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Hands-on Gear Review
Chicco Cortina Together ReviewPrice: $300.00 List | $299.99 at Amazon
Pros: Accepts two car seats, versatile seating
Cons: Length makes it harder to navigate indoors, disparity between seating features
Bottom line: Heavy inline option that is frustrating to move and turn
Folded Dimensions: 23"W x 19"H x 47.5"L
Capacity Limits: Minimum: Child must be able to sit unassisted with full neck/head control (approximately 6 mo.), Maximum: 40 lbs
The Chicco Cortina Together tandem stroller is an inline style stroller that is hard to push and turn, heavy and awkward to lift and has an interesting division of features between seats. This Chicco offers dual cup holders to the front passenger with none for the second seat. It has disappointingly small canopies that cover almost nothing and definitely won't protect your baby from the elements or an unexpected storm. While we often find Chicco products offer a little something extra for a budget-friendly price, this option has a higher cost than strollers that performed better in our tests. With plastic wheels, dual front wheel design and two wheel suspension the Cortina Together couldn't stand up to the competition and is not a stroller we recommend.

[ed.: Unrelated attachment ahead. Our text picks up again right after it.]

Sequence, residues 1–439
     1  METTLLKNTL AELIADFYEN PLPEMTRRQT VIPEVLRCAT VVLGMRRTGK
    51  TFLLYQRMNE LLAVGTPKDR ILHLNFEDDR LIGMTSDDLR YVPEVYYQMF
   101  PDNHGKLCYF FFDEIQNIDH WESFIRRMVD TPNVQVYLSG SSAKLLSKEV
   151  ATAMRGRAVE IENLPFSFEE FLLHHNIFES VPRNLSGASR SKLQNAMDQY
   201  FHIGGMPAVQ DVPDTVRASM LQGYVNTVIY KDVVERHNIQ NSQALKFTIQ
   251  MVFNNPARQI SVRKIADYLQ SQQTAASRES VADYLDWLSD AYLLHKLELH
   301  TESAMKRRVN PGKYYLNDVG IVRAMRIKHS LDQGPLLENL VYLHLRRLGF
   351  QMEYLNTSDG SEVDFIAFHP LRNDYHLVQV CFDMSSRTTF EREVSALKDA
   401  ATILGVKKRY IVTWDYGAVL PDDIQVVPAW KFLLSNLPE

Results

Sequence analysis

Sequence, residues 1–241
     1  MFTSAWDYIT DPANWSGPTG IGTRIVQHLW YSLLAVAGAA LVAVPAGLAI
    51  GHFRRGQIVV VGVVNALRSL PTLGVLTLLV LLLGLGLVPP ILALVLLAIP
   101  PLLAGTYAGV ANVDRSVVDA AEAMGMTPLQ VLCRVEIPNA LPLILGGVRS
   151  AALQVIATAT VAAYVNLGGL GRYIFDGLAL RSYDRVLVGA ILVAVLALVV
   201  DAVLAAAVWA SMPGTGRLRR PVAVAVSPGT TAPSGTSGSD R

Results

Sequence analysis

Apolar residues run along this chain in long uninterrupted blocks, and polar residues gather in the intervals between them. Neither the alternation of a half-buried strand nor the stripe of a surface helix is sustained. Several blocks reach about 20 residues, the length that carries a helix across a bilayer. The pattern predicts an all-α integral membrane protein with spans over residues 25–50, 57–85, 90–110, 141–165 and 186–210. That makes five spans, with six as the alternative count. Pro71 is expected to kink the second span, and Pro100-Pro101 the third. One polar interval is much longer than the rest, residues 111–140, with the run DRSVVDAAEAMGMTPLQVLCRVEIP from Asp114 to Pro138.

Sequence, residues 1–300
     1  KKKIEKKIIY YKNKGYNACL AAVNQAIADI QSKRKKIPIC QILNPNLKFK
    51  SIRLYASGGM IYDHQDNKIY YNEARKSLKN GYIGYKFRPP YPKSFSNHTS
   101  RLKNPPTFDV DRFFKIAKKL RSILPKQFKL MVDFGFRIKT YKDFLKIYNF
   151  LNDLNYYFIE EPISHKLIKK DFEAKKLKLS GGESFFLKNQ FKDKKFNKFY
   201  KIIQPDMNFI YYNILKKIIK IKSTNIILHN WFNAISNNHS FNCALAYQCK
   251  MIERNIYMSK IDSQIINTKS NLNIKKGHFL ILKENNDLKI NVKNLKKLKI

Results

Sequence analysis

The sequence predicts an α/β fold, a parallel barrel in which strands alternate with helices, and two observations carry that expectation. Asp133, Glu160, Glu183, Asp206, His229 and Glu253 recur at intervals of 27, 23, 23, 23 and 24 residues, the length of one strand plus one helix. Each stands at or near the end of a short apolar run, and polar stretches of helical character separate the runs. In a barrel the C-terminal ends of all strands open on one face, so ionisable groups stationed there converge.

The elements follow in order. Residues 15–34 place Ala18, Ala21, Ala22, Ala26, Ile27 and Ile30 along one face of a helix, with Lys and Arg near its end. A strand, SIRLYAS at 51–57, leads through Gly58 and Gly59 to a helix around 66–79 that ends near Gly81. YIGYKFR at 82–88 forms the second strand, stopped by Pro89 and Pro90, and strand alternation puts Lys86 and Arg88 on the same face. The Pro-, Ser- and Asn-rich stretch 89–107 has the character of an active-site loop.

RELATED REVIEW: The Best Double Strollers of 2017
Our Analysis and Hands-on Test Results
The Chicco Cortina Together is a tandem inline double stroller. This stroller works with 2 Chicco infant car seats, 2 toddler seats, or one of each with a maximum weight allowance of 40 pounds per seat. The forward folding seats accept the Keyfit and Keyfit 30 seats without additional parts or straps. The rear seat can also work with the bassinet enclosure. This stroller has an aluminum frame, one hand folding, and auto-locks. It offers a child's armbar or dual cup holders, independent and removable canopies, and a zippered storage basket.
The following graph is a comparison of the overall scores for each double stroller tested in this review. The Chicco is shown in blue.
The below portions share information on how the Chicco performed during testing in each metric.
Ease of Use
The Chicco Cortina Together earned a 5 of 10 for ease of use, which is better than some of the competition, but not good enough to truly compete. Strollers like UPPAbaby Vista Double and the Peg Perego Book for Two were much easier to use and offered more features that improved the daily functions of the strollers.
Fold and Unfold